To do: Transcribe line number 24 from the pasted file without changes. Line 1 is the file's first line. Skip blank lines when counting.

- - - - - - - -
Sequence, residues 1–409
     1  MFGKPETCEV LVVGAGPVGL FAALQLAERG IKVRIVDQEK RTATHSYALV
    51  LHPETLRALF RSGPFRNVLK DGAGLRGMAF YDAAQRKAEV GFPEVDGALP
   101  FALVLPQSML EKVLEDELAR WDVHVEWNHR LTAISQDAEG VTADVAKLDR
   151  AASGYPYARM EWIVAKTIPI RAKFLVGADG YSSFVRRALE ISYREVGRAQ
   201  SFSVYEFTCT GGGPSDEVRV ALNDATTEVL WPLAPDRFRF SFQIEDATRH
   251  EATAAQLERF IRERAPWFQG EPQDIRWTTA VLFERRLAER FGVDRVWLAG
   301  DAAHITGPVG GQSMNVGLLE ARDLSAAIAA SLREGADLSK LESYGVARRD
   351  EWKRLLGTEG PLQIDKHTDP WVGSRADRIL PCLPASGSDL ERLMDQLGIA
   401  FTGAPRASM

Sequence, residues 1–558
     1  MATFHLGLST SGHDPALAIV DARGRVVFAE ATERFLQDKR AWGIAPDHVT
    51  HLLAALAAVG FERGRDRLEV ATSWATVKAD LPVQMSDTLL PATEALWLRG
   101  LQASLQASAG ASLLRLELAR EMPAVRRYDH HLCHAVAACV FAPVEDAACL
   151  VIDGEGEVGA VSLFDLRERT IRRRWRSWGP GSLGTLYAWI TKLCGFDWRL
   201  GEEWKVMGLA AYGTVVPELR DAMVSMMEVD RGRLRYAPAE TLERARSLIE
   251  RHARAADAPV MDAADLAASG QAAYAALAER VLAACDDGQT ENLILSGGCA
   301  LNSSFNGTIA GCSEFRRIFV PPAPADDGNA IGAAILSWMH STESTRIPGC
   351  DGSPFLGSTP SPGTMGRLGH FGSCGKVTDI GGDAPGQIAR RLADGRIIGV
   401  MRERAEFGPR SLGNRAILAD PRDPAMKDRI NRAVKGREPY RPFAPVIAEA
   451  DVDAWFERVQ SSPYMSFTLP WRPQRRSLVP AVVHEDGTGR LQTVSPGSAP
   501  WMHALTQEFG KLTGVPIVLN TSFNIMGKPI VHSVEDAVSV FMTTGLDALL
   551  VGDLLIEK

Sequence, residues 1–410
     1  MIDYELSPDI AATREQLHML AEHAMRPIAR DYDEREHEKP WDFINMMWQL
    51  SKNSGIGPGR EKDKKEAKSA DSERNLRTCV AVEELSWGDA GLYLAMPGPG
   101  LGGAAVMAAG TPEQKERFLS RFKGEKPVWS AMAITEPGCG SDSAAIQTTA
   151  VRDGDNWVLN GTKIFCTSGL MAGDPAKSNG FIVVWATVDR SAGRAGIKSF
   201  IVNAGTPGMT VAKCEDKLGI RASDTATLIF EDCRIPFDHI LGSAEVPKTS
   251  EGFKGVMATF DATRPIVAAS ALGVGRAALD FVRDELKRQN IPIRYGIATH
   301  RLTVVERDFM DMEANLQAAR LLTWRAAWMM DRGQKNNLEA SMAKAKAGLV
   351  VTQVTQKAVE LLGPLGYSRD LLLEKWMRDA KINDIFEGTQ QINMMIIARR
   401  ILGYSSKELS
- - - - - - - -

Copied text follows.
Sequence, residues 1–410